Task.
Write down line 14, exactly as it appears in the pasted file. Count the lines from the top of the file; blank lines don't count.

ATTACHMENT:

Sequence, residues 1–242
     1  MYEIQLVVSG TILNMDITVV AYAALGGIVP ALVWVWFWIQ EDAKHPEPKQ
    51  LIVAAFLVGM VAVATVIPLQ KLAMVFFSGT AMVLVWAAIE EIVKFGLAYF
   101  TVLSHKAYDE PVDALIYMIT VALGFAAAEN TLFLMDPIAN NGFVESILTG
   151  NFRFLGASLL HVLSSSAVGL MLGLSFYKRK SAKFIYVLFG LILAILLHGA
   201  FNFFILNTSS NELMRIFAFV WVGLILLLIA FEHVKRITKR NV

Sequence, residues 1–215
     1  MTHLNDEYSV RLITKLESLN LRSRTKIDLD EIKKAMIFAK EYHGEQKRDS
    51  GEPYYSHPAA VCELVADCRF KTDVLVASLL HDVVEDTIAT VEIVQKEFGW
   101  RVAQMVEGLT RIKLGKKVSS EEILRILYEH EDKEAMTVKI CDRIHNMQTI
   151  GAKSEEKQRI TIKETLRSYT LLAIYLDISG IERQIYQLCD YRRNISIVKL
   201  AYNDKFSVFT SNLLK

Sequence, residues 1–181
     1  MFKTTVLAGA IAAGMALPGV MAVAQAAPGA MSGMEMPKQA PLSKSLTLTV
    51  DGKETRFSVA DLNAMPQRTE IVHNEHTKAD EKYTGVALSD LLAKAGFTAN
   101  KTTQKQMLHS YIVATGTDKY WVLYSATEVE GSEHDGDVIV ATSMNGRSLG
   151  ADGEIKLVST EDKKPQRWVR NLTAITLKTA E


     1  MFKTTVLAGA IAAGMALPGV MAVAQAAPGA MSGMEMPKQA PLSKSLTLTV